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8.3 Modules

Lift has supported modules from the first version of the project in 2007. Lift’s entire handling of the HTTP request/response cycle is open to hooks. Further, Lift’s templating mechanism where resulting HTML pages are composed by transforming page content via snippets (See ) which are simply functions that take HTML and return HTML: NodeSeq => NodeSeq. Because Lift’s snippet resolution mechanism is open and any code referenced in Boot (See ), any code can be a Lift “module” by virtue of registering its snippets and other resources in LiftRules. Many Lift modules already exist including PayPal, OAuth, OpenID, LDAP, and even a module containing many jQuery widgets.
The most difficult issue relating to integration of external modules into Lift is how to properly insert the module’s menu items into a SiteMap (See ) menu hierarchy. Lift 2.2 introduces a more flexible mechanism for mutating the SiteMap: SiteMap mutators. SiteMap mutators are functions that rewrite the SiteMap based on rules for where to insert the module’s menus in the menu hierarchy. Each module may publish markers. For example, here are the markers for ProtoUser:
/**
* Insert this LocParam into your menu if you want the
* User’s menu items to be inserted at the same level
* and after the item
*/
final case object AddUserMenusAfter extends Loc.LocParam[Any]
/**
* replace the menu that has this LocParam with the User’s menu
* items
*/
final case object AddUserMenusHere extends Loc.LocParam[Any]
/**
* Insert this LocParam into your menu if you want the
* User’s menu items to be children of that menu
*/
final case object AddUserMenusUnder extends Loc.LocParam[Any]
The module also makes a SiteMap mutator available, this can either be returned from the module’s init method or via some other method on the module. ProtoUser makes the sitemapMutator method available which returns a SiteMap => SiteMap.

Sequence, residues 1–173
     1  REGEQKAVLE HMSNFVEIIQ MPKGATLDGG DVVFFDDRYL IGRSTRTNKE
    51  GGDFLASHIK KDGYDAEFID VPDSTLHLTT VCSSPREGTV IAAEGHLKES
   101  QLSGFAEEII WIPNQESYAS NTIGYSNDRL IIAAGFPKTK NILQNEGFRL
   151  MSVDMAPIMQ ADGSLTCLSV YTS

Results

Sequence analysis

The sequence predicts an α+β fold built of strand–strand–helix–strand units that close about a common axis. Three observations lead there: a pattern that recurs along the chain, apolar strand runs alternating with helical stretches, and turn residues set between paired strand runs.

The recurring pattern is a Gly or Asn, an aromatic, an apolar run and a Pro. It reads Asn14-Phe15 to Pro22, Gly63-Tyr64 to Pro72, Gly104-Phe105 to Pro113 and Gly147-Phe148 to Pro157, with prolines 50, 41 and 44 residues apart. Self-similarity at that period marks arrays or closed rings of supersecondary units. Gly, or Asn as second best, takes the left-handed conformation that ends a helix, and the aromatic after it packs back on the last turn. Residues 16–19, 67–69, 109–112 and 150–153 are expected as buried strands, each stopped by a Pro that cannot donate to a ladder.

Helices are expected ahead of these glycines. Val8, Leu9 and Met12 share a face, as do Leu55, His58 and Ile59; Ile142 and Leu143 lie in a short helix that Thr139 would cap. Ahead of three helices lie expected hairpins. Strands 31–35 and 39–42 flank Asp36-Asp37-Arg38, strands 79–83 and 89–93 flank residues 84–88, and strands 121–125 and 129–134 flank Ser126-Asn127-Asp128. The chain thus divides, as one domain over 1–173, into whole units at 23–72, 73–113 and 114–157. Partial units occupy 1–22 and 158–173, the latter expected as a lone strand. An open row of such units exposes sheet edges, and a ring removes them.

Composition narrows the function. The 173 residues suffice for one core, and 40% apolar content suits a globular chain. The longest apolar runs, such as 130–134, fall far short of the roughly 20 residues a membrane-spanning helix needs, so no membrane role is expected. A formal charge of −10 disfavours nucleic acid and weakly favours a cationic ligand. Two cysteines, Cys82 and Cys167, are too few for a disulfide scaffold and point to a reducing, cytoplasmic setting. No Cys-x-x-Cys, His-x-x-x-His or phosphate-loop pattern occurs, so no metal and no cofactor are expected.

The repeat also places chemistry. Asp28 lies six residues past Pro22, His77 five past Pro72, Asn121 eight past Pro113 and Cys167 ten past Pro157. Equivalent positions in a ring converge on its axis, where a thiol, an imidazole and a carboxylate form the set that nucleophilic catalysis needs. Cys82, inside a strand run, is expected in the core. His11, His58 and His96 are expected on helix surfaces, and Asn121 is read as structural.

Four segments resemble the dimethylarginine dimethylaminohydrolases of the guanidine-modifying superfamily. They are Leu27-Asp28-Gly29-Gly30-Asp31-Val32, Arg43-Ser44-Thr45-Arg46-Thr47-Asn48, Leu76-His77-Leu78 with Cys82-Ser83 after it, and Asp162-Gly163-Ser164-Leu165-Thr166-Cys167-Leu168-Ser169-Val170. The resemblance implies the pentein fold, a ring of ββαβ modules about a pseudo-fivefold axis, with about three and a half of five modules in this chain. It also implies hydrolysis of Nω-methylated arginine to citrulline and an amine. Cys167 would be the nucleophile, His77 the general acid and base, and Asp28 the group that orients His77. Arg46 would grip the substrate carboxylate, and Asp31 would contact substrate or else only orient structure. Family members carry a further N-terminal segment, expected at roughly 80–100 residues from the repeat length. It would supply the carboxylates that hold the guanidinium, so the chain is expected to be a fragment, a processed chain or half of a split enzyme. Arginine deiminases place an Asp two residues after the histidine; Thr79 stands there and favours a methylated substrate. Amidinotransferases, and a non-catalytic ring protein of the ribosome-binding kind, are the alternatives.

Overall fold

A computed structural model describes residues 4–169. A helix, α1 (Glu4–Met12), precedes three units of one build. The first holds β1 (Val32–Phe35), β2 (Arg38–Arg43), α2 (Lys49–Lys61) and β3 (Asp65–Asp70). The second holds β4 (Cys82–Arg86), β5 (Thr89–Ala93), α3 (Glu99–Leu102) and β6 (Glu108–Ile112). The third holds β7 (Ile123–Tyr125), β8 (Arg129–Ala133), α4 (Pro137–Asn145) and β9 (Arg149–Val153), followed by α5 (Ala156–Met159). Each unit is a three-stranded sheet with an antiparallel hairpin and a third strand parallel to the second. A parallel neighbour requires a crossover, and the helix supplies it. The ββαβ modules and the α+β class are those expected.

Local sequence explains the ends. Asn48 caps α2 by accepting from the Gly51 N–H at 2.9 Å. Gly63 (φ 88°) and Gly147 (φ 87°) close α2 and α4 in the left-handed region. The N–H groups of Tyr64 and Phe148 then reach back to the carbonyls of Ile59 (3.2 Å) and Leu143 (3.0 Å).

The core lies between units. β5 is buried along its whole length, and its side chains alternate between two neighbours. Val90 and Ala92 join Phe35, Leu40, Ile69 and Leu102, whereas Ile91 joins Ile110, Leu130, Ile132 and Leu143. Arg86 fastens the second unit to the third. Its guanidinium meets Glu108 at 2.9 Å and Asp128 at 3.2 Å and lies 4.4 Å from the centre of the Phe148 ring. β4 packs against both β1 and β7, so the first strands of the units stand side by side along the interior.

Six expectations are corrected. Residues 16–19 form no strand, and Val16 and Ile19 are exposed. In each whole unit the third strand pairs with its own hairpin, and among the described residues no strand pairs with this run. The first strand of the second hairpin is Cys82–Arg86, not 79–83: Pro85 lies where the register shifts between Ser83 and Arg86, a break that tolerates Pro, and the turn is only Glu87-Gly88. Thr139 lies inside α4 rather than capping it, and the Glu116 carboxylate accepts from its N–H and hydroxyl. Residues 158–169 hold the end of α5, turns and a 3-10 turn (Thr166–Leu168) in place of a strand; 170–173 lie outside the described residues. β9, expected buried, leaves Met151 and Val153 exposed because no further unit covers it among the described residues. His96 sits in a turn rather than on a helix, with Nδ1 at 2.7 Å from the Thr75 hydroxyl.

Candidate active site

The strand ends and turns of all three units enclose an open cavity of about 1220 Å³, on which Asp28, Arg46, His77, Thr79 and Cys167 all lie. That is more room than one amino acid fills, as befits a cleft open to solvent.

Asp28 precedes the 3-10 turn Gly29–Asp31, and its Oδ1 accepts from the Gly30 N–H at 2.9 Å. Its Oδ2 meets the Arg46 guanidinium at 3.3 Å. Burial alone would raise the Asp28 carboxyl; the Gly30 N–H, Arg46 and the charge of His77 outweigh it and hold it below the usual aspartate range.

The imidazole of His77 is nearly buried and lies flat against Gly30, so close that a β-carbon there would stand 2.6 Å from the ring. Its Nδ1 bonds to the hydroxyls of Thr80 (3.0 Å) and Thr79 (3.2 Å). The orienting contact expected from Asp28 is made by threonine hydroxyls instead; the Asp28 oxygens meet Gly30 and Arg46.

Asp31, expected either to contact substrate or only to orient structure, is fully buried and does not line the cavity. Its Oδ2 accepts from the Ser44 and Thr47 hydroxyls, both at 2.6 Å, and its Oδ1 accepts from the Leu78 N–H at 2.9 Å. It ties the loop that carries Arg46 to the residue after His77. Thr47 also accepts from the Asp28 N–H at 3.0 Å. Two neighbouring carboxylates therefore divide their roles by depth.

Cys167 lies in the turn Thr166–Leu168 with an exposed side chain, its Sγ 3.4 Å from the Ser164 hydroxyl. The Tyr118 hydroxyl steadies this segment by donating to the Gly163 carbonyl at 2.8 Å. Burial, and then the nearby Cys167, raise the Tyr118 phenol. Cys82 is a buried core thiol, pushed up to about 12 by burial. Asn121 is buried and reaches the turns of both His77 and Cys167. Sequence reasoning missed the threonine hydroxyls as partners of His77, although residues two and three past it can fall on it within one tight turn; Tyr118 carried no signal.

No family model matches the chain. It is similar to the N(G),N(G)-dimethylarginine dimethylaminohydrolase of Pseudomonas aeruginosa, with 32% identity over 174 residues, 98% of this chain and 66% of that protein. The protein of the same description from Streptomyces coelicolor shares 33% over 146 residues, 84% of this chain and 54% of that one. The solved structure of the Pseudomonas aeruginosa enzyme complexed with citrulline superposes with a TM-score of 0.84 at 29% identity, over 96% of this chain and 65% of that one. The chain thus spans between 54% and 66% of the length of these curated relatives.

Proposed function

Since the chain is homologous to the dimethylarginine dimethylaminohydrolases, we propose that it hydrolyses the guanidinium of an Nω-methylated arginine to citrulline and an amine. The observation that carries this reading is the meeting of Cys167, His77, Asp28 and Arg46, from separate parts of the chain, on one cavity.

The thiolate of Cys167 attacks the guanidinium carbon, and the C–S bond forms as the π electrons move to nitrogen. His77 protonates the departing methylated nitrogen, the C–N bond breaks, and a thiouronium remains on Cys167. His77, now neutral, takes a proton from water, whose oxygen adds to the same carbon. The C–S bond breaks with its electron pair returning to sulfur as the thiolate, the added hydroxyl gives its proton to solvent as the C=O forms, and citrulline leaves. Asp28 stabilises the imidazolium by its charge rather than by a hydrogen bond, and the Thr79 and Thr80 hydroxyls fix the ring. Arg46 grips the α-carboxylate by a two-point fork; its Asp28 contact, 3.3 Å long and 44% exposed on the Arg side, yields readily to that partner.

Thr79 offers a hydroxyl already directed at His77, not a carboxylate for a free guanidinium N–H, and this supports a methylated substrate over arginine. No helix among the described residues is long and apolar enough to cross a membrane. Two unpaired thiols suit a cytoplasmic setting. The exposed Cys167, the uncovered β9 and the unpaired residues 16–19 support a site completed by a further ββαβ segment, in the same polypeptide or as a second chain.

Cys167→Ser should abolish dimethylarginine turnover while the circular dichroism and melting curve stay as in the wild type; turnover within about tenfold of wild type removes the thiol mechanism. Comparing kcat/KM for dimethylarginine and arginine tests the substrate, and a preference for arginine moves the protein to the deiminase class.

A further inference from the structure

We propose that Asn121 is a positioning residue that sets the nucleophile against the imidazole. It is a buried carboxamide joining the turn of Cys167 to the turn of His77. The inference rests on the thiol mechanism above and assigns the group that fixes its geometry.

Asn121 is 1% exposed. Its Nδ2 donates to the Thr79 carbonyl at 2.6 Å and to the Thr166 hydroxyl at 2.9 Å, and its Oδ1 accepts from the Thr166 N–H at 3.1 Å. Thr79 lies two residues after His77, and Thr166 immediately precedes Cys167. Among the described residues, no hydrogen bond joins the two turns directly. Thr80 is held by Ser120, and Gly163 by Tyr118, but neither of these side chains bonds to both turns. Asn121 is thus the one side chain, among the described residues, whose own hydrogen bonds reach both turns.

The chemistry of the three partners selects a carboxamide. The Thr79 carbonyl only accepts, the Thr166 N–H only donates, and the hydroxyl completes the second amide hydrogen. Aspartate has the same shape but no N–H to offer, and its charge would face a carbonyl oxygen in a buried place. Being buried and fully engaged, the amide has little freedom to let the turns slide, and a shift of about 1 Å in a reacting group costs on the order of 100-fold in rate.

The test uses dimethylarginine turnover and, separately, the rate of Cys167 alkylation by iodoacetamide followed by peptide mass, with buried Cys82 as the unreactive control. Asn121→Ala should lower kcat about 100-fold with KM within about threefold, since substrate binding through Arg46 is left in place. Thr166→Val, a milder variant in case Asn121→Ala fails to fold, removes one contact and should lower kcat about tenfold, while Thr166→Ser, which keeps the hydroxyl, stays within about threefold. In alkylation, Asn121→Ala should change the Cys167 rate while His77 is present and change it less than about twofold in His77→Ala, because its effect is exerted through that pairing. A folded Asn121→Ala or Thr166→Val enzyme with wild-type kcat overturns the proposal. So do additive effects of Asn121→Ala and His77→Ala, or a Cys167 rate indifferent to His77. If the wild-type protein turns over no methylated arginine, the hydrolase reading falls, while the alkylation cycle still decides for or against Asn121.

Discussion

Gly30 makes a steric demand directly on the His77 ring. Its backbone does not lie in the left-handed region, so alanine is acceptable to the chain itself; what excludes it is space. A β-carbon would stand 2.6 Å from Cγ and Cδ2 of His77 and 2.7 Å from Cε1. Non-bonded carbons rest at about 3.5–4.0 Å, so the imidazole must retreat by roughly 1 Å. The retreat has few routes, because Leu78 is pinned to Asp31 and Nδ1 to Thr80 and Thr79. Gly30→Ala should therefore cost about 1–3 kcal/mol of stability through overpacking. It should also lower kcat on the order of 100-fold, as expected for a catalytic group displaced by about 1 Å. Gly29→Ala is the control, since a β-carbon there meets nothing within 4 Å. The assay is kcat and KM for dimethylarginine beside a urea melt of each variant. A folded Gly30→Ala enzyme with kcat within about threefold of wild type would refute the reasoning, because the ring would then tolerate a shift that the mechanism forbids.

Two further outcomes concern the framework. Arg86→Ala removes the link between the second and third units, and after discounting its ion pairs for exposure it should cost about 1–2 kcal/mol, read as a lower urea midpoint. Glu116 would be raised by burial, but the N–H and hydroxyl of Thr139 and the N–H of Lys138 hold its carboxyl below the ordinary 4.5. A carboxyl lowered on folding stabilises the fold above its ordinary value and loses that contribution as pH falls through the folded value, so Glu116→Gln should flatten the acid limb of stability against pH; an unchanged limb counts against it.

The application can add the marker to the appropriate menu item:
Menu("Home") / "index" >> User.AddUserMenusAfter
And when the application registers the SiteMap with LiftRules, it applies the mutator:
LiftRules.setSiteMapFunc(() => User.sitemapMutator(sitemap()))
Because the mutators are composable:
val allMutators = User.sitemapMutator andThen FruitBat.sitemapMutator
LiftRules.setSiteMapFunc(() => allMutators(sitemap()))
For each module, the implementation of the mutators is pretty simple:
  private lazy val AfterUnapply = SiteMap.buildMenuMatcher(_ == AddUserMenusAfter)
  private lazy val HereUnapply = SiteMap.buildMenuMatcher(_ == AddUserMenusHere)
  private lazy val UnderUnapply = SiteMap.buildMenuMatcher(_ == AddUserMenusUnder)
‚Äč
  /**
   * The SiteMap mutator function
   */
  def sitemapMutator: SiteMap => SiteMap = SiteMap.sitemapMutator {
    case AfterUnapply(menu) => menu :: sitemap
    case HereUnapply(_) => sitemap
    case UnderUnapply(menu) => List(menu.rebuild(_ ::: sitemap))
  }(SiteMap.addMenusAtEndMutator(sitemap))
We’ve defined some extractors that help with pattern matching. SiteMap.buildMenuMatcher is a helper method to make building the extractors super-simple. Then we supply a PartialFunction[Menu, List[Menu]] which looks for the marker LocParam and re-writes the menu based on the marker. If there are no matches, the additional rule is fired, in this case, we append the menus at the end of the SiteMap.
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(C) 2012 David Pollak